In late 2020, I received messages from Howick, to Wellington Central from individuals who had been approached out and about or through doorknocking campaigns where the visitors requested ‘young people’ and that the pandemic was a sign of the ‘End Times’ and that only their church offered salvation. Since then, the /r/Auckland forum on Reddit has also been buzzing about recruitment attempts in West Auckland. With no further contacts, my leads dried up there. This would change one Facebook request later, one rainy lockdown day. In the message was a long thank you letter from a former member of seven years who was recruited at 15 and left at 22, she reached out to me in the hope that her story would solve the mystery and that she could empower others with her story to warn against cults. With this, I knew I had to share her story.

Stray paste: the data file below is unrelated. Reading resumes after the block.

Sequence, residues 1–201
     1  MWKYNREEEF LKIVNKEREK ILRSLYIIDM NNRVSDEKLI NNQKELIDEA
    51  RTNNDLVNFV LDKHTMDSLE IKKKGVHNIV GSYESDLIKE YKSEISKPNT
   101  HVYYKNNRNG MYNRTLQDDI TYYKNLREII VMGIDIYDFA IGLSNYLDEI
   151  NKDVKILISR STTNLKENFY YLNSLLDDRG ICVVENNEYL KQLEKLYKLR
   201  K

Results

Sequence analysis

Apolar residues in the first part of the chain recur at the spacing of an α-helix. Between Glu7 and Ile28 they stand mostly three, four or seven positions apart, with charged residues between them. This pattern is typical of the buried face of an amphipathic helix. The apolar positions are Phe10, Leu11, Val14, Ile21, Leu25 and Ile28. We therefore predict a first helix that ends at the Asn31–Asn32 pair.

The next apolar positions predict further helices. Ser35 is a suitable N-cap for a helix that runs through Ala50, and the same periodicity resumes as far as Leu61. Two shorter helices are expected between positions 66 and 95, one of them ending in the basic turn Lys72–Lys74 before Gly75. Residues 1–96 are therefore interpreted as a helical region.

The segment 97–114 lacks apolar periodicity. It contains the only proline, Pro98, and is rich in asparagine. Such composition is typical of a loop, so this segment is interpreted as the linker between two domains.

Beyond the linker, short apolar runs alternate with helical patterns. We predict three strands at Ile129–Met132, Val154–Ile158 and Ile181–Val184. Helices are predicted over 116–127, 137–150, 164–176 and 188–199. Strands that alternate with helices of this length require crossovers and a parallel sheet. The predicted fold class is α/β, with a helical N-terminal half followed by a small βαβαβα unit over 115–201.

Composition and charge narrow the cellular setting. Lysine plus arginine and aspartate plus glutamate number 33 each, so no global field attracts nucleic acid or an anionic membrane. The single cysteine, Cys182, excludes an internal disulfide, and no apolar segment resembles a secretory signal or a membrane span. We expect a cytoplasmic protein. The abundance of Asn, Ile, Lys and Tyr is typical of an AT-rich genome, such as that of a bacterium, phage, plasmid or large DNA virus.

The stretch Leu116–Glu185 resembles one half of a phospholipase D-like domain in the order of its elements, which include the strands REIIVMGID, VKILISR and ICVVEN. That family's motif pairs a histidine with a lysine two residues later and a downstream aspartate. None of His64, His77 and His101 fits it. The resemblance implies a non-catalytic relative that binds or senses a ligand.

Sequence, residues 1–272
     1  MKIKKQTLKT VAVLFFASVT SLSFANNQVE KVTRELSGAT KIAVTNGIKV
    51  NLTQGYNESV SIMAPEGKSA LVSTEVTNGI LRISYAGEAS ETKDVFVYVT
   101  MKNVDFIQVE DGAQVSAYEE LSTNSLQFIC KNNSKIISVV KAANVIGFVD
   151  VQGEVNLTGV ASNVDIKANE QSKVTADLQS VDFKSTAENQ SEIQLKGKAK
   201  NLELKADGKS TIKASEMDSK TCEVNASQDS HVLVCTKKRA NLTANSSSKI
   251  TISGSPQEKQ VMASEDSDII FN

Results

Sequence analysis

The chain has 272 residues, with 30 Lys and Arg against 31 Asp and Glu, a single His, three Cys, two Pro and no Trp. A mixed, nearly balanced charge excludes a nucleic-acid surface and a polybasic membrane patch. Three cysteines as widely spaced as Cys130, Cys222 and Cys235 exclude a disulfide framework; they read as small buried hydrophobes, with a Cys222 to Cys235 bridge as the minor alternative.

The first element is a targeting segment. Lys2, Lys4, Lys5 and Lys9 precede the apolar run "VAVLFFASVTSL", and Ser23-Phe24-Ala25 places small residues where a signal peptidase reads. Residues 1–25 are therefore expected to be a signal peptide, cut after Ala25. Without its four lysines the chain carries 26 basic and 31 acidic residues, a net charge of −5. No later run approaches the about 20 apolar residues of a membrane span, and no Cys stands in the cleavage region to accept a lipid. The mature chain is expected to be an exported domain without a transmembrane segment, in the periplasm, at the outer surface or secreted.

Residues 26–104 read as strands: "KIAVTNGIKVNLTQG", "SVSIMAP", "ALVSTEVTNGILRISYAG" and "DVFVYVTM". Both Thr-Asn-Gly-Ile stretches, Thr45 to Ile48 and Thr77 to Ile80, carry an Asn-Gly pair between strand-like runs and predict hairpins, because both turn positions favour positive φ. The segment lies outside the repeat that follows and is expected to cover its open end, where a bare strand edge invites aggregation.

Arishma is a bright and expressive University of Auckland student with a warm disposition. However, behind the cheer, it was apparent that she and her family had gone through emotional extremes under years of severe control that they lived under, and that this continues to shape her warnings to others. Arishma’s story starts out much like some of the respondents of my articles, with her family as the subject of a doorknocking campaign. The introduction into Elohim Academy was a welcoming group they longed for, akin to a large family always asking what they needed and how they could help, but looking back, Arishma states that this was a lovebombing technique to entrap her family into withstanding unreasonable and abusive restrictions on their lives.

Arishma was baptised in her own home, with an Indian woman brought to the home the second visit to win the trust of her Indian family.

And so, her journey with Elohim Academy began.

Elohim Academy/WMSCOG’s Ideology

According to Arishma, WMSCOG has 7000 branches worldwide, with Korean originating members on temporary visas. The church has grown to the point that Deacons and Deaconesses are local and are seeking to target other religious minority and diaspora groups, namely Māori and Pasifika Christians.